On Friday, President Obama signed into law an amendment to the Consumer Product Safety Improvement Act of 2008 that excludes “ordinary” children’s books from the law’s third-party testing and certification provisions, and promises to make testing less burdensome for novelty and book-plus publishers. “The legislation gave book publishers some important relief with respect to the third-party testing requirements in the law,” says Allan Adler, the Association of American Publishers’ v-p for legal and government affairs.

The new law also makes CPSIA’s requirements prospective rather than retrospective, meaning only products manufactured since the original law went into effect are included, thus eliminating libraries’ concerns about lending older books.

The amendment, H.R. 2715, was introduced and approved almost unanimously in both the House and Senate on August 1. The publishing and printing industries had been lobbying for changes to CPSIA since the law went into effect more than two years ago, arguing that books have never been regulated and have never posed a safety hazard to children due to lead.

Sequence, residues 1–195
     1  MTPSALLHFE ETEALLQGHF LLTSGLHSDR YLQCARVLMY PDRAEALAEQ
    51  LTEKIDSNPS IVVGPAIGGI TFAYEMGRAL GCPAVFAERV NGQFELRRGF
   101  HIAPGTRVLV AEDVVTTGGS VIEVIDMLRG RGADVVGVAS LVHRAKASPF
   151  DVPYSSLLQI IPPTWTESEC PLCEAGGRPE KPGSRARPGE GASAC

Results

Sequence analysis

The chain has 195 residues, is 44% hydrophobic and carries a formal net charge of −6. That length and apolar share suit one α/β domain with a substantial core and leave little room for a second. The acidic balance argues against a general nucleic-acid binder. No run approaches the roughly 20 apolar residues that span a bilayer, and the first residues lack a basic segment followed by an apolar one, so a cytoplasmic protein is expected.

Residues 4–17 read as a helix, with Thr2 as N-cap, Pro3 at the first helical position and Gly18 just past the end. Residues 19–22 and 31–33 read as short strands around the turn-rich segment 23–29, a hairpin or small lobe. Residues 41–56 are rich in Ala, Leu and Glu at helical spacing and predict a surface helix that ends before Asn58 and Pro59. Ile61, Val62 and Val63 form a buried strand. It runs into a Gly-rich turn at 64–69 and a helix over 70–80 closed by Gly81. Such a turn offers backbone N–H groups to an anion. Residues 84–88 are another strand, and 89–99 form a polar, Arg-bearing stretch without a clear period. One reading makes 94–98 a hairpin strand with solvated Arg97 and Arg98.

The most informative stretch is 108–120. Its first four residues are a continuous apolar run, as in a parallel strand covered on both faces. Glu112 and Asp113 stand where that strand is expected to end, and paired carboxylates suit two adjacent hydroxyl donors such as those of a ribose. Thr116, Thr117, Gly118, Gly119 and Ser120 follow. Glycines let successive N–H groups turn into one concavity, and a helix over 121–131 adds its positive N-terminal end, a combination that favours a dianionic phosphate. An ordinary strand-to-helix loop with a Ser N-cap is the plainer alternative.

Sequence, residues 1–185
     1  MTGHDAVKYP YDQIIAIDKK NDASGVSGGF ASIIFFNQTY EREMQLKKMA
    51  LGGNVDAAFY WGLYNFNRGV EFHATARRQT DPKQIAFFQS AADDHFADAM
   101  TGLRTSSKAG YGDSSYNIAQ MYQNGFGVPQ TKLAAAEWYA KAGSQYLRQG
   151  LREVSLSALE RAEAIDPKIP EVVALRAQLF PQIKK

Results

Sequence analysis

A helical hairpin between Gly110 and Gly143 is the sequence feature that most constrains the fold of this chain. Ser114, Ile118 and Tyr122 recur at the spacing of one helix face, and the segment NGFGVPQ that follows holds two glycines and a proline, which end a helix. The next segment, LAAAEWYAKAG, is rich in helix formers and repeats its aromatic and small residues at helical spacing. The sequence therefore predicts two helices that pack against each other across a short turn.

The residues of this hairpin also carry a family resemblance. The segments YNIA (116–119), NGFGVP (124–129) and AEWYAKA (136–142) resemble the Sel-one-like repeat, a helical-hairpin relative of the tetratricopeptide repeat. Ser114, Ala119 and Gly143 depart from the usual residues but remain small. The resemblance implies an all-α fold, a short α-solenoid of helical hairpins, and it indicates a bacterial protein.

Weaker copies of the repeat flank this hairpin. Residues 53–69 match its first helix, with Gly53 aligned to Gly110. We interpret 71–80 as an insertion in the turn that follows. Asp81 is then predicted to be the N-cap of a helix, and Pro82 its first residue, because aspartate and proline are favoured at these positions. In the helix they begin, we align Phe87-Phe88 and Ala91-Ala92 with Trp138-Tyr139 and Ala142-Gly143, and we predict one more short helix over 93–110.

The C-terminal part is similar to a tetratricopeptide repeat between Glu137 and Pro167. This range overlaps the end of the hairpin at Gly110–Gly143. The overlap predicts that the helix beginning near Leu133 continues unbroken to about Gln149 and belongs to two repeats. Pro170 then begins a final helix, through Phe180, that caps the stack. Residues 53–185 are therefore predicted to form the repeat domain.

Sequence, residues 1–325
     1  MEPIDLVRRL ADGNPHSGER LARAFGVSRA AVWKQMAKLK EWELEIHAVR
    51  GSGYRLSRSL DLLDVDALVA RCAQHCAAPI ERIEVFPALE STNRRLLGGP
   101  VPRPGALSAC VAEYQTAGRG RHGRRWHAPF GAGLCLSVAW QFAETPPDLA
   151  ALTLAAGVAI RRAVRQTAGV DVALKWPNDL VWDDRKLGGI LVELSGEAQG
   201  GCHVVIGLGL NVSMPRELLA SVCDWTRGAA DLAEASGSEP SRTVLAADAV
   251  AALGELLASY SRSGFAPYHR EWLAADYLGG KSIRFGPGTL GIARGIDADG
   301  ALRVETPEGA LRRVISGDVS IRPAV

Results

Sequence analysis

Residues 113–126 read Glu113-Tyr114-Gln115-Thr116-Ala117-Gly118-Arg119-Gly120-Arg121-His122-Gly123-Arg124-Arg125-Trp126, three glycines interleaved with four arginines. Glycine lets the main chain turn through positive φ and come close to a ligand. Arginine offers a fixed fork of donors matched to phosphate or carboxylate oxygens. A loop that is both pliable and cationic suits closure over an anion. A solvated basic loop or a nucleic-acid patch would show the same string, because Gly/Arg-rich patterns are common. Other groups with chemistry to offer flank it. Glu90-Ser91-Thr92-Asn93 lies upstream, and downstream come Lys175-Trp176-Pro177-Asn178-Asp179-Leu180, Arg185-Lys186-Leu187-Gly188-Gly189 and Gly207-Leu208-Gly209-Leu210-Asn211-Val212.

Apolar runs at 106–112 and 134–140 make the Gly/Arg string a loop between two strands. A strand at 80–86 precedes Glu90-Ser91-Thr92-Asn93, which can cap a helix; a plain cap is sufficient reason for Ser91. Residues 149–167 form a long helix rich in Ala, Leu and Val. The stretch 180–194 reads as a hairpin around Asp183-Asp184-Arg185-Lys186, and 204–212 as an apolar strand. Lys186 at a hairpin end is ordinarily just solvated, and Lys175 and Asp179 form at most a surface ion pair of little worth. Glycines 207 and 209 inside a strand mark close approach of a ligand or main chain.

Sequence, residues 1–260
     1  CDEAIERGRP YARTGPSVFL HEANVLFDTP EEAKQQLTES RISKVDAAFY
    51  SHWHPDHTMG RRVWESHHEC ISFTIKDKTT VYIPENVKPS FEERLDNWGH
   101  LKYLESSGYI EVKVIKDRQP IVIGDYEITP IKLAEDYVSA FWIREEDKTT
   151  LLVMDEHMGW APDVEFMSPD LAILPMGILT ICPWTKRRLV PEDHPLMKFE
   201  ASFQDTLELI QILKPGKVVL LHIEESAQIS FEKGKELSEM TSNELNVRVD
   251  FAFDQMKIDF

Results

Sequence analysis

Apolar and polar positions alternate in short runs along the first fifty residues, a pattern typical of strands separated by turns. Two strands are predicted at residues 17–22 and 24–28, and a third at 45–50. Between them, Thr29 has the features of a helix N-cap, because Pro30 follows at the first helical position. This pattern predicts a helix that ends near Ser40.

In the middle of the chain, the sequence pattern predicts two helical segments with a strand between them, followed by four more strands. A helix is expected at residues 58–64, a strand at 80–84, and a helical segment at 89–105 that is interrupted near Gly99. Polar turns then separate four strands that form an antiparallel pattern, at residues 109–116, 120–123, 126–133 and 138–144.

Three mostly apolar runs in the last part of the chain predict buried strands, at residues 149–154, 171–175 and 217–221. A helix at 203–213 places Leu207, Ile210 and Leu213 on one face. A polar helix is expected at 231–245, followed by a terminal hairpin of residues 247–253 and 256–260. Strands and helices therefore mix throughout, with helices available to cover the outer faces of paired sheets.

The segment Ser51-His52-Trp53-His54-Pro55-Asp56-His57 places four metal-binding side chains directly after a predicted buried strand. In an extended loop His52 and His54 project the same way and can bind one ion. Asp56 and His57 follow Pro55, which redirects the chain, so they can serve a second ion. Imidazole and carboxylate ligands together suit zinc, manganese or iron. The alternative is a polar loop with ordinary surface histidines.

Publishers of novelty and book-plus titles for children 12 and under that contain components not made of paper or board, or are printed on materials other than paper or board, still need to comply with the third-party testing and certification provisions of the Act. They are awaiting the Consumer Products Safety Commission’s publication of rules regarding specific testing and certification procedures. A current stay of enforcement on testing and certification expires at the end of the year.

The rules, when issued, promise to be less costly and complicated for publishers under the amended law. The new legislation directs the CPSC to look at ways to reduce the burden of testing and allows testing to be done through representative sampling, rather than requiring random sampling as the law originally stated.

The exclusion for ordinary books comes just as the maximum amount of lead allowed in children’s products, according to the Act, drops from 300 parts per million to 100 ppm. That milestone occurred Sunday, August 14.

To review the book-related happenings in CPSIA history, see our timeline, which includes links to PW’s coverage of key events.